No one wants to fall prey to scammers and hackers because of a vulnerable home computer, but the need to keep your data private takes on a whole new wrinkle when you’re handling sensitive client information.

During the pandemic, as aspects of our professional and personal lives moved online, privacy concerns grew more acute.

A recent panel titled “How COVID-19 has Changed Data Privacy” examined these concerns and the efforts to address them. The panel was part of the Data Privacy Day, organized by the National Cyber Security Alliance, and attended by Paragon Legal.

Panelist Lindsey Schultz, privacy counsel at Visa, described her company’s thinking when reality began to sink in — employees would be working from home for a long time.

“We started looking at all these processes that [transfer] personal information,” she said. “Normally, we feel relatively protected because we’re doing certain things in the office.”

Of course, that changed. Call centers were a perfect example. “We were testing our VPN capacity and all of our protocols,” Schultz said.

The collection of employee health information while monitoring for the coronavirus was another sticky problem. Normally, such data wouldn’t be collected at all. “And so we did that balancing test to collect a minimal amount of information to protect our fellow employees, but not so much that [it would] make anyone uncomfortable.”

Visa is still doing that balancing act, Schultz said, now that employees can be vaccinated. The company also needs to consider a method for contact tracing when employees return to the office.

On the consumer side, Visa wanted to make sure people felt comfortable using their cards. To that end, the company “aggregated data to make sure that we could support better contactless payments and support moves to more digital spending in digital environments,” Schultz said.

An Alert Public

Perhaps because of increased digital activity, not to mention news stories about data breaches, the public is becoming “more aware of privacy issues and more educated about what those issues are,” according to panelist Brian Philbrook, lead privacy counsel at OneTrust, a platform for privacy, security, and governance programs.

He said that privacy officers have seen a significant uptick in data-subject requests:“Requests for deletion, requests for access to their data, to opt out, all of those different things. . . . I think people are starting to ask the right questions.”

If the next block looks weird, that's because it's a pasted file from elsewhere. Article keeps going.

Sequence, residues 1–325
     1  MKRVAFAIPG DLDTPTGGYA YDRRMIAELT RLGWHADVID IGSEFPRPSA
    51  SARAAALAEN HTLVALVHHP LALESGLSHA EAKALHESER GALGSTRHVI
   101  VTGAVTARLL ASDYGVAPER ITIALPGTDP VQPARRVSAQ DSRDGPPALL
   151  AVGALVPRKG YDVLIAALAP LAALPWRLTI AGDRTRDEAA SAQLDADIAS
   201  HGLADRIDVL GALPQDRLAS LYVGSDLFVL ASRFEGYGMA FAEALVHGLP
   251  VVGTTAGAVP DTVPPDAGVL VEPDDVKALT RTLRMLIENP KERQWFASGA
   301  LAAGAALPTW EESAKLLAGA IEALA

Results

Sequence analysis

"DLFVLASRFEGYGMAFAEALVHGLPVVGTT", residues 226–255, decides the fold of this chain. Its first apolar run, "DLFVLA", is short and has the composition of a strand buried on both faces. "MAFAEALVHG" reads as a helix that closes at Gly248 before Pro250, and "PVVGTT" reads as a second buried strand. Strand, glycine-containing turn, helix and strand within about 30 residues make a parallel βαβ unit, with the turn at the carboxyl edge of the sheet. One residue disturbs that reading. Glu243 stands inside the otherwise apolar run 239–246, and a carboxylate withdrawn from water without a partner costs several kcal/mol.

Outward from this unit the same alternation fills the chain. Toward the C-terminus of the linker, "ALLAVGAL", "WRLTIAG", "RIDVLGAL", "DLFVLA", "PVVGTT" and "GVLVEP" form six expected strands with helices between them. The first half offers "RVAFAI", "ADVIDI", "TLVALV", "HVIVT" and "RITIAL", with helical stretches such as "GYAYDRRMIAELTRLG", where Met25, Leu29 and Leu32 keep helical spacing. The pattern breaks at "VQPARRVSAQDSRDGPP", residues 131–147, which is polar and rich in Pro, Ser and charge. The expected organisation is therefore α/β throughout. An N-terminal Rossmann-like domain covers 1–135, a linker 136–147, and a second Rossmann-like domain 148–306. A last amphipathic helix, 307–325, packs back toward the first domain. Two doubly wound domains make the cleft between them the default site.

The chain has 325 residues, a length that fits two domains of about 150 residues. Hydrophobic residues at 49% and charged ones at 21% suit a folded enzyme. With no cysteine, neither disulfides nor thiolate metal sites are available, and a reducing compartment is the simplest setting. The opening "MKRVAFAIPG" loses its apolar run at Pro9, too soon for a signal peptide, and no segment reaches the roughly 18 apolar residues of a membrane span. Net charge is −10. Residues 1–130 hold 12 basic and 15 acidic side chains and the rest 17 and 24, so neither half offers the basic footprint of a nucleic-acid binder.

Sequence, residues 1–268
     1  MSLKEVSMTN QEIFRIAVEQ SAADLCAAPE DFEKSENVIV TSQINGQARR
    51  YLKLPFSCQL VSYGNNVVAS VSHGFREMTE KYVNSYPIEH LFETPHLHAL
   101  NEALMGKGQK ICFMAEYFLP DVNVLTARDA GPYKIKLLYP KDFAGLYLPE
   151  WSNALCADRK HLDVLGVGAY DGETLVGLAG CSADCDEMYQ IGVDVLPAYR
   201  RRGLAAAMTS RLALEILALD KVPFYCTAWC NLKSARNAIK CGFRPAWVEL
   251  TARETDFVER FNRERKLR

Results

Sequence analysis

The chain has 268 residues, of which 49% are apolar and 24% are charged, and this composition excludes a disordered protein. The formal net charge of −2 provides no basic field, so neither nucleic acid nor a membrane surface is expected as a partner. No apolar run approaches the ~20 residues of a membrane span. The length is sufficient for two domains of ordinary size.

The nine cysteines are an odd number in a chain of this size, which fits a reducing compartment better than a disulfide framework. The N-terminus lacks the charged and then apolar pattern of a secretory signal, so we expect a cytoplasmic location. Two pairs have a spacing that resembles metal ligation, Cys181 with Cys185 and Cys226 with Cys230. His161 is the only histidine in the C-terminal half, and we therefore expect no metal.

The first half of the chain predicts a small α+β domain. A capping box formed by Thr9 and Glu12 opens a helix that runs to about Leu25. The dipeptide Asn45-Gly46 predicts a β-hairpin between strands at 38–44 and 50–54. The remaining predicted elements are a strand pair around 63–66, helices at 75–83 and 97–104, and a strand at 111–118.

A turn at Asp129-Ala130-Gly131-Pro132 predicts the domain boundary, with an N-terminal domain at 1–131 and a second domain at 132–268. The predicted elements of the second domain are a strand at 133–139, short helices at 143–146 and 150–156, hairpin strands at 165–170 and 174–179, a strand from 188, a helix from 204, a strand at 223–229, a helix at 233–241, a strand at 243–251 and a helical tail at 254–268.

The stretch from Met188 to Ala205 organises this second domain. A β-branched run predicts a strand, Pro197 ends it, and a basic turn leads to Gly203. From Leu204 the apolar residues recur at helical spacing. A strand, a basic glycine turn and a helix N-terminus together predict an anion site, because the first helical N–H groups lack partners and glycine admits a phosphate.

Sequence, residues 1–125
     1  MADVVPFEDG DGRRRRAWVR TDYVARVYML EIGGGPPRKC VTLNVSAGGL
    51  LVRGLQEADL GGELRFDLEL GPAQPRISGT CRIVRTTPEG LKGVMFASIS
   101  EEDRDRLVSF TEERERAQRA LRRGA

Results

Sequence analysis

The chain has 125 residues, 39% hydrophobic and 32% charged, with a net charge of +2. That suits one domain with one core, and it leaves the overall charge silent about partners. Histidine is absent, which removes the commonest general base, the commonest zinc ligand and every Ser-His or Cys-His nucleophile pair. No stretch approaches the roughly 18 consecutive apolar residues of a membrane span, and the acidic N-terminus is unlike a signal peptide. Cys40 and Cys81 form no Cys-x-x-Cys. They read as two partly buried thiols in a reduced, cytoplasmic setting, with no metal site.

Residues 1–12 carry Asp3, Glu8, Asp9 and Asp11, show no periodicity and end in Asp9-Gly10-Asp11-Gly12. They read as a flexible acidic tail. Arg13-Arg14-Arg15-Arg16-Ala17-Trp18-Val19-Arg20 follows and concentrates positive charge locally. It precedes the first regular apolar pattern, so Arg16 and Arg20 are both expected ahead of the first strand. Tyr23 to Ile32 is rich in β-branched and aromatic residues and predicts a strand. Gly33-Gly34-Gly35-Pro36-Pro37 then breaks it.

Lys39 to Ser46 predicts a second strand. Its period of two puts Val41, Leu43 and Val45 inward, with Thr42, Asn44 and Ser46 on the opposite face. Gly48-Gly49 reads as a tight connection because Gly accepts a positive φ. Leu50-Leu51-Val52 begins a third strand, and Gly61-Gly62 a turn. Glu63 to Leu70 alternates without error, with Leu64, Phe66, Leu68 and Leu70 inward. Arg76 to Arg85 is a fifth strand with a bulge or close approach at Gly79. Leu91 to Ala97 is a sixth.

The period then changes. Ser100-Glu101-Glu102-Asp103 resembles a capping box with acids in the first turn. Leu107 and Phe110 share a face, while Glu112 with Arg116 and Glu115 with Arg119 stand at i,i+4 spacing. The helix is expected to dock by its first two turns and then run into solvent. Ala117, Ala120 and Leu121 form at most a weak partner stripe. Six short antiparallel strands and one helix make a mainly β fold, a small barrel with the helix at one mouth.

The surge in online learning has also led to more requests and questions concerning data. People indifferent to their own data may become fiercely protective of their children.

Philbrook cited an article published by the International Association of Privacy Professionals (IAPP) about the civil liberties and privacy officer at the National Security Agency. Her child’s school asked for consent to record classes for operational purposes that struck her as overly broad, so she started a conversation about potential issues. This led to policy changes regarding the making and retention of the recordings.

“Obviously this was uncharted territory for the teachers, so they hadn’t even considered privacy implications,” Philbrook said. “And I think that’s kind of where we’re at now. People have gotten used to thinking about some of these things. . . . It’s an opportunity to hash things out, learn from them, and kind of grow with that.”

And while data privacy has been a concern for some time, it seems to be spreading throughout a given business. Philbrook said his company might hear from marketing, human resources, business development, research and development, “really across the board.”

His fellow panelist concurred: “One of the key things to come out of COVID-19 is that privacy is definitely winning,” said Melanie Ensign, founder and CEO of Discernible Inc., a communications consultancy dedicated to security, privacy, and risk issues.

She noted that companies need to be mindful of the fact that when they talk about consumer privacy, they are talking about safety, and consumers are not a monolithic group. A lot of companies struggle to do the most good for the most people without hurting the most vulnerable. Some people have been pushing back.